Voice and data wiring essentially involves installing cable and connecting equipment: the same things most of us have been doing for decades. But there are some significant differences related to system performance and required installation methods.
It's not difficult work, and it usually pays well." That's what we typically hear about wiring offices for voice and data. To become successful, you must first learn basic installation mechanics. Let's look at a few diagrams describing the basic system structure and talk about some of these special areas of concern.
EIA/TIA standards: your guides to cabling layout. Your primary source of information is the general standard for structured cabling systems. This is EIA/TIA 568 (Commercial Building Telecommunications Wiring Standard). It includes later revisions, such as 568A and 568B. There are other associated standards, such as EIA/TIA 569 (Commercial Building Standard for Telecommunications Pathways and Spaces) and TIA/EIA 606 (Administration Standard for the Telecommunications Infrastructure of Commercial Buildings). Note: These standards are not codes. Therefore, you're not required to follow them when you install communication cabling. But if you want to install structured cabling properly, you should follow them.
The main cross-connect is where the entire building network connects to outside telephone lines or some other type of long-distance circuit.
The horizontal runs are similar to branch circuits, running from a patchpanel in the telecom closet to the wall outlet. A patch cord runs from the outlet to the computer.
Voice cabling basics. While voice circuits don't require the same high-quality cabling as computer networks, installers frequently wire them with Cat. 5 cables. This is because most contractors find it easier to standardize on one type of cable for both voice and data, rather than keeping track of two types. The cost difference is minimal.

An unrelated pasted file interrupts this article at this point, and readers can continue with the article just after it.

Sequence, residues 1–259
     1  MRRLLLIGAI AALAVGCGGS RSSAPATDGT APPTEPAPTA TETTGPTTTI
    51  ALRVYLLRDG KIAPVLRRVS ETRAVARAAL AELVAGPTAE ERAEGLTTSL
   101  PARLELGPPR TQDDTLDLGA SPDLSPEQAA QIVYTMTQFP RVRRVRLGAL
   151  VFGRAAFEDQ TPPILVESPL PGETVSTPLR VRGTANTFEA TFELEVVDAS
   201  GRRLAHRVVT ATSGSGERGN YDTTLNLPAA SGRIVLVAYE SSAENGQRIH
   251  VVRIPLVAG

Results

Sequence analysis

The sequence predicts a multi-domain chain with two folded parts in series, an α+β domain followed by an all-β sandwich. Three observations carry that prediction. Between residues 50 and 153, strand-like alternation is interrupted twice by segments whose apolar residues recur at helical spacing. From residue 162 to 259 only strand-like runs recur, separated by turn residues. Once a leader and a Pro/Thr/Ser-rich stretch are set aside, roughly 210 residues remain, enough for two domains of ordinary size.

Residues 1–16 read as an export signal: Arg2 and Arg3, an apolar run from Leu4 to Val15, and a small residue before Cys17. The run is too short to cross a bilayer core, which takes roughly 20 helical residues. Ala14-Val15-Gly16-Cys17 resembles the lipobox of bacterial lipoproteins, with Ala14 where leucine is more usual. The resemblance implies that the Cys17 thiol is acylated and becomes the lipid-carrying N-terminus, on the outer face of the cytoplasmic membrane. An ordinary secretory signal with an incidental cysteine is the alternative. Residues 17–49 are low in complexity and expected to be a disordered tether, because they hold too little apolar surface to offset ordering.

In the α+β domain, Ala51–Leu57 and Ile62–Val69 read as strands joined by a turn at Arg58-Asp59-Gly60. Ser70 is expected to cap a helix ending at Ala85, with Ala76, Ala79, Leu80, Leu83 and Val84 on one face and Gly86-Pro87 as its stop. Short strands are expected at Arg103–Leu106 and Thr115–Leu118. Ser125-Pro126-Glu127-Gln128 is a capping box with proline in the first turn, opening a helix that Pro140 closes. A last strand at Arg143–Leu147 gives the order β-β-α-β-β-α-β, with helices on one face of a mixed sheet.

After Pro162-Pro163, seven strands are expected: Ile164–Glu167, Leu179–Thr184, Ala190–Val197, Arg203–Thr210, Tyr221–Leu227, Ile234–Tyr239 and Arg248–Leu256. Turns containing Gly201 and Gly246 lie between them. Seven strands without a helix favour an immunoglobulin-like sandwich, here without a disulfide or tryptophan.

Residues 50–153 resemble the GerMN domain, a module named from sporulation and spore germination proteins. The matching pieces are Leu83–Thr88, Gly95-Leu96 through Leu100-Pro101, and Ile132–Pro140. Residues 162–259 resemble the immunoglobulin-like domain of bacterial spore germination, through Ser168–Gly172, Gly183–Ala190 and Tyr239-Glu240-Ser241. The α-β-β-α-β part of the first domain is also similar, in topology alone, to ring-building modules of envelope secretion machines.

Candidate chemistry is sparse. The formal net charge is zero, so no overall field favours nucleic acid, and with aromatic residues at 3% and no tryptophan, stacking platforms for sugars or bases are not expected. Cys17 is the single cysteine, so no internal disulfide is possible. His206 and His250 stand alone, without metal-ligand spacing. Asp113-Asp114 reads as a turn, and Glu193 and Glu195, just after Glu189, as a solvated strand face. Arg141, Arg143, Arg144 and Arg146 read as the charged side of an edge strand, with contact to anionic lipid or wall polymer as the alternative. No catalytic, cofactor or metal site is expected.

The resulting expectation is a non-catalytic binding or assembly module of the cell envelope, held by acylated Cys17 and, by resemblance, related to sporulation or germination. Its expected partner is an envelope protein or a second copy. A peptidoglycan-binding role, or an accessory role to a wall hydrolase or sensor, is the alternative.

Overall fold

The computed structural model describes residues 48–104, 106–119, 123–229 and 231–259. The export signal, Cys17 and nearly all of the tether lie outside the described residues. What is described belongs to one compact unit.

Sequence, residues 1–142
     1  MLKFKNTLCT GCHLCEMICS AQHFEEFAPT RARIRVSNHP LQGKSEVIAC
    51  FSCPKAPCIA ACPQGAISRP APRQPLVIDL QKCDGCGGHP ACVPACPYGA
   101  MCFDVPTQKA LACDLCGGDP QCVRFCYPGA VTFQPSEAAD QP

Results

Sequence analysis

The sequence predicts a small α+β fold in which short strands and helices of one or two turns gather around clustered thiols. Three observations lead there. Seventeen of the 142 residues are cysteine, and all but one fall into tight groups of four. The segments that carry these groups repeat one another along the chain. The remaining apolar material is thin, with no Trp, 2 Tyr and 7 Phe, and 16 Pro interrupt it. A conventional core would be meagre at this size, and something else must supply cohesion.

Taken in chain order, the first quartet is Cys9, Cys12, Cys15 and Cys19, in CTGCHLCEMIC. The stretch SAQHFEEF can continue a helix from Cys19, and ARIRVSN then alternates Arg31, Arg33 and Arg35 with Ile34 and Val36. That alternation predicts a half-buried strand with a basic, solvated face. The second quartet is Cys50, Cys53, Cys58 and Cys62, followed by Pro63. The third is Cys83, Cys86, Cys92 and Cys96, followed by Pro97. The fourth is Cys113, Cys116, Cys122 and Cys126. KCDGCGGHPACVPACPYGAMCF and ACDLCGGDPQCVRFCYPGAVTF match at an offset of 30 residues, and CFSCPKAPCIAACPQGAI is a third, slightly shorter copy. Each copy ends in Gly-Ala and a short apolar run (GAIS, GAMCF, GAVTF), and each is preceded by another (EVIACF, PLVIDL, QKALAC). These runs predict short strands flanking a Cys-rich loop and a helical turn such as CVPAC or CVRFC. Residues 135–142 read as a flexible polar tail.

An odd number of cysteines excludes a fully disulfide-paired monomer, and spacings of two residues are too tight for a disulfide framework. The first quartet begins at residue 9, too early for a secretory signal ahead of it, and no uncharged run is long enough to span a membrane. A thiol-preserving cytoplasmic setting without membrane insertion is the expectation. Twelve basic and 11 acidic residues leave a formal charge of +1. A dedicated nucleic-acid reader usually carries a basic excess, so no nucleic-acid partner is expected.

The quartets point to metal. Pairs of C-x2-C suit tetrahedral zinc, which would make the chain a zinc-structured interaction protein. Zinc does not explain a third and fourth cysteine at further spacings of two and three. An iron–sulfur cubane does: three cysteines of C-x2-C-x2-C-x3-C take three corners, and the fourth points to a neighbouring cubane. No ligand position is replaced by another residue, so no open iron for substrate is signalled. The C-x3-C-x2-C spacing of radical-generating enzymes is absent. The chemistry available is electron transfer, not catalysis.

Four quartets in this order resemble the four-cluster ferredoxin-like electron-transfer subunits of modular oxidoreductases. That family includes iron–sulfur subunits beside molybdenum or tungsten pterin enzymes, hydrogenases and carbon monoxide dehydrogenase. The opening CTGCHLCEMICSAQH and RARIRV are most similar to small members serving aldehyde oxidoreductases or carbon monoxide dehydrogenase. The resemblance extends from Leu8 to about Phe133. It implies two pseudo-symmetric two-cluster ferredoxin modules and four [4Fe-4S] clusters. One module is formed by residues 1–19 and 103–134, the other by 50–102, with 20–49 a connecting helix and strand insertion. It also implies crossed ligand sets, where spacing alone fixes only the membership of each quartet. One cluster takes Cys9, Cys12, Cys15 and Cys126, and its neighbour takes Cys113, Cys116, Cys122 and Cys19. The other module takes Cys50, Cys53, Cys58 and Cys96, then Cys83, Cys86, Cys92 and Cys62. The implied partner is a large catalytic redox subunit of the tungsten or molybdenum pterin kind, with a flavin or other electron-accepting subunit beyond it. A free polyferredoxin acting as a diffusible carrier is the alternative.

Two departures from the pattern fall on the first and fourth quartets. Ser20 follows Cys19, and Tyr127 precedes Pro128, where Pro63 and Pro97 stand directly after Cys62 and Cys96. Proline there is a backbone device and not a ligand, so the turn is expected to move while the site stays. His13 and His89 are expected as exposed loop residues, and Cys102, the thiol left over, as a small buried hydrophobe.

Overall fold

"UTP" stands for unshielded twisted pair cable. "PBX" stands for private business exchange (the main telephone equipment). Without a PBX, customers would have to install a great number of outside telephone lines; one for each extension. Instead, the PBX switches several extensions on a few outside (trunk) telephone lines. It may also provide intercom, music-on-hold, and many other features.
Always use caution. When installing voice or data cabling, follow these guidelines:
Don't forget about fire stopping. Note where the fire barriers are in the structure, and make sure you make proper allowances for crossing them.
Make sure you protect your cables during the construction process (while you're not there). This is critical in situations where there'll be a long time between your cable installation and installing of jacks. In such instances, it's up to you to protect your cables any way you can. If you don't, they may pull away or twist by accident. You won't see this damage to the cables until you test them.
Leave enough extra cable at each outlet point. The recommended slack lengths are a minimum of 3 m (almost 10 ft) in the telecommunications closet for both twisted-pair and fiber cable, 1 m (a little over 3 ft, 3 in.) for fiber, and 30 cm (almost 1 ft) for twisted-pair cable at the outlet. (Notice when you move from power wiring to data cabling, the units of measurement switch from standard to metric.)
Trimming data cabling is essentially the same as trimming power wiring (strip the cables, install the devices and plates, etc.) except a lot more testing is required. When trimming power wiring, we generally test by flipping a switch or hitting the outlet with a voltage tester. Either power is present, or it's not. Testing data cabling is not so simple. Remember, you need to test not only for the presence of the signal, but also for its quality.